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I’m an English teacher in Brazil. Although I’m Brazilian I lived for over 8 years in the US, during all of which I studied and read a few books. For what I know, on the first situation you’re right. It’s both reported speech and a conditional sentence. The first sentence could be indicating that the character still has hope as well. The second sentence ...


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In Engineering, we are not stuck with the compulsion of non-disjointed sentences, but for practicality and clarity. I don't see why other people are so stuck up with exact reproduction of speech and verbatim. It's for clarity and communications, for goodness' sake. 10:05 am, Jefferson Room: meeting started In attendence: John, Amar, Quan, Santiago 10:10 ...


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In the first sentence, I would preserve the present tense of the second verb. I would also use a gerund for the fourth verb. "Mr. Johnson said that Latin America and Asia produce the same products. He suggested closing the factories in America."


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The teacher asked Marga, "Who helped you with your work?" The teacher asked Marga who had helped her with her work. Because the original question was a subject question and there was no subject auxiliary inversion, the reported speech doesn't require any change of word order there. The reported version uses the past perfect, to reflect the ...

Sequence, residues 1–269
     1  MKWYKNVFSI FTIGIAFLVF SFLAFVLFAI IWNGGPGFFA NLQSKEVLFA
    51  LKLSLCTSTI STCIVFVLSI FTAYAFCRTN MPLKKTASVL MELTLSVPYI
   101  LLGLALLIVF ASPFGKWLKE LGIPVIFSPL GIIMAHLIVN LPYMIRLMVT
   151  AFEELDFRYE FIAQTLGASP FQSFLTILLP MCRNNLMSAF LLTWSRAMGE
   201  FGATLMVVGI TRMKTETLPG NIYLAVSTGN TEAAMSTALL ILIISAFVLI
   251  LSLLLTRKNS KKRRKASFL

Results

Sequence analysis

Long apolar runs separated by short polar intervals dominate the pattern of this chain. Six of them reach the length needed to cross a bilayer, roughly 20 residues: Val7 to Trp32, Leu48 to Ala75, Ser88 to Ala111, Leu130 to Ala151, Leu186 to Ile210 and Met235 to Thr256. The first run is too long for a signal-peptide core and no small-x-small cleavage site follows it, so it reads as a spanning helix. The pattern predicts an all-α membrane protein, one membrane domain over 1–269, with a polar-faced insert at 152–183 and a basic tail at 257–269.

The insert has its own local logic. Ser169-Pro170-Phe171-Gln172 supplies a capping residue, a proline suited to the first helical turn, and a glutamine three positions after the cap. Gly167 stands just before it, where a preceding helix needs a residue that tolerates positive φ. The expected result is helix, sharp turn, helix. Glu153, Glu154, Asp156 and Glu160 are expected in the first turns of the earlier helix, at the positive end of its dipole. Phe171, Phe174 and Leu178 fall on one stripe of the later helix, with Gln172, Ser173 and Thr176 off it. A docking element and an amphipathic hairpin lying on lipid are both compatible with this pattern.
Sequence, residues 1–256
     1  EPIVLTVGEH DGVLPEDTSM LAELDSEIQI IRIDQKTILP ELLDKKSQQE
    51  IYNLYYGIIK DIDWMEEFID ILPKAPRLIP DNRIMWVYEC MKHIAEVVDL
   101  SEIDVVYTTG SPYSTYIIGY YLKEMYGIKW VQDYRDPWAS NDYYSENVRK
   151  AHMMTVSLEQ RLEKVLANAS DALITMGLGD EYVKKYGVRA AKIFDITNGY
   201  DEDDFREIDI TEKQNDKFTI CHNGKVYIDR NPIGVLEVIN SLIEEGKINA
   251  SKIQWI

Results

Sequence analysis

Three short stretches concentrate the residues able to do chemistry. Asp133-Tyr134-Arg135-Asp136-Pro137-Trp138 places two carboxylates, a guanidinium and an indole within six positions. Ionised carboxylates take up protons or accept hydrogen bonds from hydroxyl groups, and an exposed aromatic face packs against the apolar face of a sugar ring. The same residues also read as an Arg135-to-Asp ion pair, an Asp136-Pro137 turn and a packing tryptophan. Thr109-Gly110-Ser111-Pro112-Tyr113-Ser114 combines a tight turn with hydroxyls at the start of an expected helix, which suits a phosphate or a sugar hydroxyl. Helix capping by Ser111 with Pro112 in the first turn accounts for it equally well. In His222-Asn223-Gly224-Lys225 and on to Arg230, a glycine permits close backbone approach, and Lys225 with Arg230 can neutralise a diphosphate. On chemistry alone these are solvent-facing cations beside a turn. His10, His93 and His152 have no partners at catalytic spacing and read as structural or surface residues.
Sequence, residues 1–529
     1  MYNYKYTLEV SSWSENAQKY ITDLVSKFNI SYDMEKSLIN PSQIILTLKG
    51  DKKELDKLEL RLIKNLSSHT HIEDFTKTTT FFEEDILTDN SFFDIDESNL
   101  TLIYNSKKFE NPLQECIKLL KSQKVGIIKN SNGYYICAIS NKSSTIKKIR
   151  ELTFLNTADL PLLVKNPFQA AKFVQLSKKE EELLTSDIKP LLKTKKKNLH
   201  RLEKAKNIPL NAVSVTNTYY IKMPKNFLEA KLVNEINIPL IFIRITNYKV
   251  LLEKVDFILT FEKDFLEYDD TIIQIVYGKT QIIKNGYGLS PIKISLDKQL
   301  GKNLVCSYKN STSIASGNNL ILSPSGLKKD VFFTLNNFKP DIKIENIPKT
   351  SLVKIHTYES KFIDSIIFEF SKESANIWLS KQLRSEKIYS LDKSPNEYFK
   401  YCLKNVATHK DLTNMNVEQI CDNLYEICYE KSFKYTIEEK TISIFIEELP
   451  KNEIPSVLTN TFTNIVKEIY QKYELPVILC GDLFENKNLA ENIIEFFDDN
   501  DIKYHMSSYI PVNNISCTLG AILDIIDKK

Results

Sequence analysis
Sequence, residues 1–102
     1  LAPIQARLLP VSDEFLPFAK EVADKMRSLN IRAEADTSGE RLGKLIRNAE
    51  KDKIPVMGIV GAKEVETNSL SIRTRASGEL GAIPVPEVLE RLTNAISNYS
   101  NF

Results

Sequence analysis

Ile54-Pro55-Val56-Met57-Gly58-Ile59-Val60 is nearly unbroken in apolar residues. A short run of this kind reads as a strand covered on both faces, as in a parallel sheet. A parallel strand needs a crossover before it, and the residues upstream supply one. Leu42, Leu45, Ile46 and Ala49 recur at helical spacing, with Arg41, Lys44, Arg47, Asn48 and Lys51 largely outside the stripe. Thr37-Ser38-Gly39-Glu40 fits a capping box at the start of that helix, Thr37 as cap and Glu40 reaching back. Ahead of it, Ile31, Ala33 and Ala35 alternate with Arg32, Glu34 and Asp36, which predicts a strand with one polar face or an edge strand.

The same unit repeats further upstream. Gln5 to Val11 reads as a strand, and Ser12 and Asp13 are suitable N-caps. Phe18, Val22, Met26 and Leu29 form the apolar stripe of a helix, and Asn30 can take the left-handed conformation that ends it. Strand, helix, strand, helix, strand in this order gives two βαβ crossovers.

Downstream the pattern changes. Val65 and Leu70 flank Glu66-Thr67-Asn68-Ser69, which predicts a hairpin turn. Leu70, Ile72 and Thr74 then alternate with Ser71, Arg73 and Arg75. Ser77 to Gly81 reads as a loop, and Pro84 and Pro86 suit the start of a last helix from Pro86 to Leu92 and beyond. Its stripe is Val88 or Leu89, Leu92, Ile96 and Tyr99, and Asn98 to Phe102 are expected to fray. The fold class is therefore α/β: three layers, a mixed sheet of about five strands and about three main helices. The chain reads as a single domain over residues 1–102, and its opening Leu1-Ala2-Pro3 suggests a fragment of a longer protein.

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As @John notes above, any way of expressing the past allows reported speech. we always use this word when talking about the past. But for more conceptual clarity, can't we use the following hypothesis: He said that I was a very stupid man-- This sentence does not reflect that he repeatedly told you that you were a stupid man. He used to say that I was a ...



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